Private and Public Policy Reviews for the Disabled

Oregon Expands Abuse Definitions

By Stephen Rex Goode, BSW

Oregon House Bill 2442 has passed, amending Oregon Revised Statutes (ORS) 430.735, expanding the definition of abuse of people with developmental disabilities. This legislation, which goes into effect on January 1, 2010, adds many new definitions that could result in the investigation by Adult Protective Services (APS) of individuals and workers. Naturally, mandatory reporters will have a whole new set of situations to be aware of and will be required to report incidents.

Definitions of abuse have been added or changed for:  abandonment, neglect, verbal abuse, financial exploitation, seclusion, wrongful use of chemical or physical restraint, and sexual abuse. While no provision in the state’s definition of abuse seems unreasonable, this expansion may create an enormous workload for investigators as new reports come in related to the new categories of abuse.

It drastically alters some of the ways I work. Under the new law, after the first of the year, I may not be able to do some of the things I once did while teaching social skills.

For example, as a vehicle for teaching social skills, I take clients into the community to learn how to not only behave in public, but to learn to “fit in” in social situations. The kinds of activities I have used have included miniature golfing, bowling, pool, and other competitive sports. I have taught clients the fine art of “trash talk” that men often do when playing competitive games.

The new definition of verbal abuse says that I am abusing a client if “threaten significant physical or emotional harm to a person with a developmental disability through the use of  (a) Derogatory or inappropriate names, insults, verbal assaults, profanity or ridicule; or (b) Harrassment, coercion, threats, intimidation, humiliation, mental cruelty or inappropriate sexual comments (ORS 430.735 16).”

Though it may be far-fetched, telling a client, while putting on our bowling shoes, that I am going to kick his butt could be overheard by another worker and reported to APS as verbal abuse. Hopefully, in that situation, APS would tell the other worker that making frivolous reports is wasting their time. Still, it could happen.

Perhaps, for me, the ones that make me the most nervous are the definitions of abandonment and neglect. I only contract for certain services with clients. I also am limited in what I may do for clients through social worker code of conduct and ethics. Life skills training and helping clients learn social skills through community inclusion is very different than being a social worker who sits at a desk doing things like intake interviews and other not in-the-trenches jobs.

The abandonment definition says that I am abusing my client if I “…[desert or willfully forsake] a person with a developmental disability or [withdraw] or neglect of duties and obligations owed a person with a developmental disability by a caregiver or other person (ORS 430.735 1a) .”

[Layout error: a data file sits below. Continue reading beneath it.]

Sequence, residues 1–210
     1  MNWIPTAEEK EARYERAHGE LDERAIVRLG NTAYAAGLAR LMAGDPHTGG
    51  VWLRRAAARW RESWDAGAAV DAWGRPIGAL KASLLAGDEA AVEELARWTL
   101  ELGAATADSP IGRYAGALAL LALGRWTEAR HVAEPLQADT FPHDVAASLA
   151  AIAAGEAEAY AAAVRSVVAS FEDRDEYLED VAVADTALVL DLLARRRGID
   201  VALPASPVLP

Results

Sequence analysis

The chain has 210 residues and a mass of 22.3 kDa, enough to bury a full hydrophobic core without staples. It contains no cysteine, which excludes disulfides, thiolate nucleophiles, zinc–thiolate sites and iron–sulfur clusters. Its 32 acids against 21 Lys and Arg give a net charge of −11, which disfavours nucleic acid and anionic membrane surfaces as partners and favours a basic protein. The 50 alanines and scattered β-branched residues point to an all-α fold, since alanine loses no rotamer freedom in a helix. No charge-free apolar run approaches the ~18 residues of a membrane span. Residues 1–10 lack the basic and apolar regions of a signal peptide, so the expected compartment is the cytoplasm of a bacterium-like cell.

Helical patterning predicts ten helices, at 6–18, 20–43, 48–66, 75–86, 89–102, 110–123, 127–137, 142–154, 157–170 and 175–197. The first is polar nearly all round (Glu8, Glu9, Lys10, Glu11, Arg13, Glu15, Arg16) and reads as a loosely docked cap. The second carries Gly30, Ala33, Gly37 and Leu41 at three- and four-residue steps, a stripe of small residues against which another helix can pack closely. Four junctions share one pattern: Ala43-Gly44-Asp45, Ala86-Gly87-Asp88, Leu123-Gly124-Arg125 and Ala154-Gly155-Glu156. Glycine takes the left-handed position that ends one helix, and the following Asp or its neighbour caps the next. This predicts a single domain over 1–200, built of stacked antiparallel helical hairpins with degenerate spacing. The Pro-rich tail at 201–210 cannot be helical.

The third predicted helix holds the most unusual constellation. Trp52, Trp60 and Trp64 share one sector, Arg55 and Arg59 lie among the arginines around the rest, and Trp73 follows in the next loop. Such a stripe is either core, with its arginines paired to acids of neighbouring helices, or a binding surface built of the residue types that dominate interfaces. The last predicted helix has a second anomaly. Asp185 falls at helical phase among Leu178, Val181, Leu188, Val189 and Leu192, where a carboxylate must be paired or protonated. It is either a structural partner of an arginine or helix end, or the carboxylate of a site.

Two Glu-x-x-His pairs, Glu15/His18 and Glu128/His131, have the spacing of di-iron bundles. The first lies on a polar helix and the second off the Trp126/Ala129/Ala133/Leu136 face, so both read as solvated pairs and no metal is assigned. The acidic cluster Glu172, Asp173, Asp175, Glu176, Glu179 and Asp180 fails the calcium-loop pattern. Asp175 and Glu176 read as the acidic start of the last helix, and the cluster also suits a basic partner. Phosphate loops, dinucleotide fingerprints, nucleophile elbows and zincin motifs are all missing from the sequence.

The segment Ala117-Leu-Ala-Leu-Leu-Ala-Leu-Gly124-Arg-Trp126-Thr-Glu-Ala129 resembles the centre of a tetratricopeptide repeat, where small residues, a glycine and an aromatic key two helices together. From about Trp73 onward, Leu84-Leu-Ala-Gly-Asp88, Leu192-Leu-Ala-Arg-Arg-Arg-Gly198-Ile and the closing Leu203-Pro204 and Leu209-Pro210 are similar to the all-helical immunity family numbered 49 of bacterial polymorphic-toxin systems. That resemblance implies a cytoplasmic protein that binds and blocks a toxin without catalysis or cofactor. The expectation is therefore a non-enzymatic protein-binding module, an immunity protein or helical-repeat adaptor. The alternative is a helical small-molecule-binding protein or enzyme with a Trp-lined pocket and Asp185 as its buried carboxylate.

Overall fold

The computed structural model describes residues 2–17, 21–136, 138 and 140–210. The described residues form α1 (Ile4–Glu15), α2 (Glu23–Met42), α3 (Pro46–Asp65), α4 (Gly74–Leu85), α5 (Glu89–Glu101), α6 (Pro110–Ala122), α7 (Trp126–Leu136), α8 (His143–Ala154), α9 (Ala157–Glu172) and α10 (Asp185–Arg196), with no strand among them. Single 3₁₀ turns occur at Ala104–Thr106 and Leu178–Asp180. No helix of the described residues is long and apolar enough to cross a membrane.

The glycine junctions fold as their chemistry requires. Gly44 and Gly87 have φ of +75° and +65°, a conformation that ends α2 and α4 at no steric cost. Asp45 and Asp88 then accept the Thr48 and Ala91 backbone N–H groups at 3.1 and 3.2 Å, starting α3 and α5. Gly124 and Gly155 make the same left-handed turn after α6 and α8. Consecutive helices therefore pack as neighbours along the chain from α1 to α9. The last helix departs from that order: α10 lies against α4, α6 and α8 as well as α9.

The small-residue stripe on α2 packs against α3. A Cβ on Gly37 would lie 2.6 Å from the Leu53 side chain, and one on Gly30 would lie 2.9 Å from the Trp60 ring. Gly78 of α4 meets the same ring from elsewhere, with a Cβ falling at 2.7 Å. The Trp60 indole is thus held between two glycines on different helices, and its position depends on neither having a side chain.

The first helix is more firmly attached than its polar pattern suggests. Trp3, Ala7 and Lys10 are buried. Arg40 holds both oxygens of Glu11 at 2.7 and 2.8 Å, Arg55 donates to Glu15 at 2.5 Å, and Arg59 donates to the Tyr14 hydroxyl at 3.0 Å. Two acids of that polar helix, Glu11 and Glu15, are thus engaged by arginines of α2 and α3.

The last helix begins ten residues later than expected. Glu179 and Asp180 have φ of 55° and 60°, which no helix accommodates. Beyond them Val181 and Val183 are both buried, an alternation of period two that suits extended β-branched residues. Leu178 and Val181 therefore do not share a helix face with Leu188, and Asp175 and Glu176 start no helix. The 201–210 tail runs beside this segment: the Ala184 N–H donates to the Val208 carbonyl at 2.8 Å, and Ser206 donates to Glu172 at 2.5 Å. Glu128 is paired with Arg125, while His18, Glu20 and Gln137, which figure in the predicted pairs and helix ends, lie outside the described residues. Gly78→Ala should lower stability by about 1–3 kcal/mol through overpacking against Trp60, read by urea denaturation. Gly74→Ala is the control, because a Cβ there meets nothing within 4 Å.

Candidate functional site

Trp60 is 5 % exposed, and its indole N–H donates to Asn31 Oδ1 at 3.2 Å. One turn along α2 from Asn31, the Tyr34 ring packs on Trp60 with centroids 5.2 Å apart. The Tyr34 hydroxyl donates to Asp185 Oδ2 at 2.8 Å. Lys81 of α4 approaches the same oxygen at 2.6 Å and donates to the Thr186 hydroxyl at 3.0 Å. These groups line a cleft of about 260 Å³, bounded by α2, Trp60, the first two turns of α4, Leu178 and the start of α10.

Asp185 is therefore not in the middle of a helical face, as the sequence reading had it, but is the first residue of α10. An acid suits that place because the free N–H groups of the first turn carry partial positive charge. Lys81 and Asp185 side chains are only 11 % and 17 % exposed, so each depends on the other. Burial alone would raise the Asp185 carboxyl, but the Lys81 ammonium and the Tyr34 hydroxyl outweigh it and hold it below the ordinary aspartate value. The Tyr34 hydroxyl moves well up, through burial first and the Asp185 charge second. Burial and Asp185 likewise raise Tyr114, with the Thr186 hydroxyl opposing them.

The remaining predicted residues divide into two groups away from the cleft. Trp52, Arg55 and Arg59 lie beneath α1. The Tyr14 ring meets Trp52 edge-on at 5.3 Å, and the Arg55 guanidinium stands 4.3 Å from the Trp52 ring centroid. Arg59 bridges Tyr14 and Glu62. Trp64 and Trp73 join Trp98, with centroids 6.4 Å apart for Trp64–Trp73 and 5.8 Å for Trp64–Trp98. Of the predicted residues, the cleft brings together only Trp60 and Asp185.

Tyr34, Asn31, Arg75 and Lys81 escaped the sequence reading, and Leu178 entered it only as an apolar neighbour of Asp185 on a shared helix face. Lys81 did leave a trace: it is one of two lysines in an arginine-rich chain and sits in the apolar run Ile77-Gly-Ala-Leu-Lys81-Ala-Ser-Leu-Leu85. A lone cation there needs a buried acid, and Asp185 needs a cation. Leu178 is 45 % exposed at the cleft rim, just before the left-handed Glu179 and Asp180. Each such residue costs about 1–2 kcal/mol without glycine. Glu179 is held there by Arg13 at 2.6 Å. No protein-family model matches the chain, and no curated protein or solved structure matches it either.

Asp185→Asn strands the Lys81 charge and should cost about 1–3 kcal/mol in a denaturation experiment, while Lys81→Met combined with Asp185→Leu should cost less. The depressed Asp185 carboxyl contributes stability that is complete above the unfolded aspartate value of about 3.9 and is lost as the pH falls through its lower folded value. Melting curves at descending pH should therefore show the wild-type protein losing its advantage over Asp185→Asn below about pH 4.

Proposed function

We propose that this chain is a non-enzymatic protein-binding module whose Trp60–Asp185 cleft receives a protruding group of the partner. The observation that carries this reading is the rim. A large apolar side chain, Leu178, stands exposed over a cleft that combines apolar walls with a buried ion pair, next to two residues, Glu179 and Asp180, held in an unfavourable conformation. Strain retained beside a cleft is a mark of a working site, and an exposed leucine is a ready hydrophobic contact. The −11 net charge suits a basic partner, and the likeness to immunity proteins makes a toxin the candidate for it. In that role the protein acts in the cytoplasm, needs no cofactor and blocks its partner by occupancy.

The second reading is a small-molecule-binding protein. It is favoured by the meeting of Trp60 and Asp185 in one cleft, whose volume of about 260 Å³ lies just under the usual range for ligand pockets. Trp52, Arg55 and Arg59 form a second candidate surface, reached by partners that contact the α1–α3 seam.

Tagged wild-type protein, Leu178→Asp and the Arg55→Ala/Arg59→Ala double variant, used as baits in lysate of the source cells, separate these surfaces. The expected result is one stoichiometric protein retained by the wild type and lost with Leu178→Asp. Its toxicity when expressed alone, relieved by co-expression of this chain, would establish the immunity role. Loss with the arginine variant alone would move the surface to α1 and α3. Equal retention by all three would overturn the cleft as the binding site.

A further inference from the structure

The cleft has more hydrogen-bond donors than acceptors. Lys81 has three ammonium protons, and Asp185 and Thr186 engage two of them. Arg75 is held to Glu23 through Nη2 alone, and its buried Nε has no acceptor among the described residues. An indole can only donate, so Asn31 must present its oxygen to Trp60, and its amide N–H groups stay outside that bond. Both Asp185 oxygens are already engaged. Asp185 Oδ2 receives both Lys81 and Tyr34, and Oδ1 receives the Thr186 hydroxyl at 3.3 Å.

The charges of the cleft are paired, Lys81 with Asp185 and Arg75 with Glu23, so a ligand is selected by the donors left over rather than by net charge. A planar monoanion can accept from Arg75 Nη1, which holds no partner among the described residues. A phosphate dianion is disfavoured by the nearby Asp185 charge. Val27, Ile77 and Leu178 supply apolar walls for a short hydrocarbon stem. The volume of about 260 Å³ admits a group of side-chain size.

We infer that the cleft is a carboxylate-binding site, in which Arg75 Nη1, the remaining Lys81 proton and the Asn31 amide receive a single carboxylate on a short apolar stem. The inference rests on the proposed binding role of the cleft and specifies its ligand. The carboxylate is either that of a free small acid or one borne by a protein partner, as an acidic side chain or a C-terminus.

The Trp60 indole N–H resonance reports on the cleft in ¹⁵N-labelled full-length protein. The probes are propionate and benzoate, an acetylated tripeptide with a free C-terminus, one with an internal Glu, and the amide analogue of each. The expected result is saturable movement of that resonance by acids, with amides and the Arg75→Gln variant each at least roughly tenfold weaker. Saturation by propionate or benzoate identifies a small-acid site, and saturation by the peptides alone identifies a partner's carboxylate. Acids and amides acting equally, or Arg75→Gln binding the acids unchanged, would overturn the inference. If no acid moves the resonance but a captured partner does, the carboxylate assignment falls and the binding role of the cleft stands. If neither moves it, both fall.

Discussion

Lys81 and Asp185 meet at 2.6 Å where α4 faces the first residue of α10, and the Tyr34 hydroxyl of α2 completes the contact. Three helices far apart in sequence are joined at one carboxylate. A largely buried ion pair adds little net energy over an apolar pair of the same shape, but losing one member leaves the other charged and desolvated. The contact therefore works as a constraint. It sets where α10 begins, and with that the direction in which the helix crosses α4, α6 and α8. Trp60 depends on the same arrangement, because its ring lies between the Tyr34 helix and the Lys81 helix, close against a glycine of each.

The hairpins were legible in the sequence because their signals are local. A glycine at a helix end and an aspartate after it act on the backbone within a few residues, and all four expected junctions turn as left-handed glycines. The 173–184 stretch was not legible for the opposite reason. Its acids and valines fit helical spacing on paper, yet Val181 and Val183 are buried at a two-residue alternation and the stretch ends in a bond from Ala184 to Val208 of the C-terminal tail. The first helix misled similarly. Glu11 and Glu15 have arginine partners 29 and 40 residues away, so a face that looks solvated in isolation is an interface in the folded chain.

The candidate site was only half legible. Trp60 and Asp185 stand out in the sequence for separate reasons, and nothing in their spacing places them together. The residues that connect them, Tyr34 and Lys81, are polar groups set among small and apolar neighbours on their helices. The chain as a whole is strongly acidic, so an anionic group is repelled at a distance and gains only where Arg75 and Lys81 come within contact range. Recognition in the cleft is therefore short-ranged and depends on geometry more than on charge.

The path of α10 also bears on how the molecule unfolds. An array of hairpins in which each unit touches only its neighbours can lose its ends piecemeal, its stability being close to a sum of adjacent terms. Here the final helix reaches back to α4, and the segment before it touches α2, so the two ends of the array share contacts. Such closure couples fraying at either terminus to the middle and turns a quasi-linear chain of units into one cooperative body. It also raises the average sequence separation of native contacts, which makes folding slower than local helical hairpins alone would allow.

For some clients I have a contract for assisting with finding stable housing. With some clients, especially those with credit problems or criminal backgrounds, finding housing in the Portland, Oregon area market is nigh impossible. For more on this, see my blog post, A Shameful Dearth.

I have often found myself in the position of working with a client on a winter day when the weather has turned nasty. The client has no money, no place to sleep, and no prospects for housing. With this new legislation, I wonder if I could be charged with abandoning a client if I don’t offer him a place to sleep at my home.

Doing this would be a pretty clear violation of social work ethics around dual relationships and professional objectivity. Hopefully, the word “owed” in the definition of abandonment will protect me, in that I don’t contract with clients to provide stable housing, only to help a client find it.

Believe me, it is pretty hard to drop a client off on a street corner knowing he doesn’t have a place to live and it’s going to be a cold, miserable night. I have such a client this winter. In this town, he can’t so much as find a room in a boarding house because of credit problems and criminal background.

I see many other potential pitfalls for me as a provider of services in the new definitions. I suppose I will need to adjust again. State rules, agency interpretations, billing requirements, billable definitions, and many other things keep changing for me. In a lot of ways, it seems like the state is deliberately trying to force workers like me to give up and go find another profession. With each new burden, I’m seriously considering it. If I quit, will I be charged with abandonment?

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2 Responses to “Oregon Expands Abuse Definitions”

  1. David McDonald said:

    Interesting how they don’t really talk about “medical neglect” in the revised statute. Far as I’m concerned, the denial of medical treatment and/or medicine, or the neglect to facilitate someone getting screenings they need as they age are clear abandonment issues that will continue until addressed.

  2. Rex Goode said:


    I agree.

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